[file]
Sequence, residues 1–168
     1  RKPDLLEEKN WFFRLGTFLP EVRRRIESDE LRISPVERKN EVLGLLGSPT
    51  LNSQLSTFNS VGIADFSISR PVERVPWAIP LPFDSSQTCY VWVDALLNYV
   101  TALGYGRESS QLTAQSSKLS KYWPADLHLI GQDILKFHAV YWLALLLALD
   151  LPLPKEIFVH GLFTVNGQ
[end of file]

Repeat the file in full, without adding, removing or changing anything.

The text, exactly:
Sequence, residues 1–168
     1  RKPDLLEEKN WFFRLGTFLP EVRRRIESDE LRISPVERKN EVLGLLGSPT
    51  LNSQLSTFNS VGIADFSISR PVERVPWAIP LPFDSSQTCY VWVDALLNYV
   101  TALGYGRESS QLTAQSSKLS KYWPADLHLI GQDILKFHAV YWLALLLALD
   151  LPLPKEIFVH GLFTVNGQ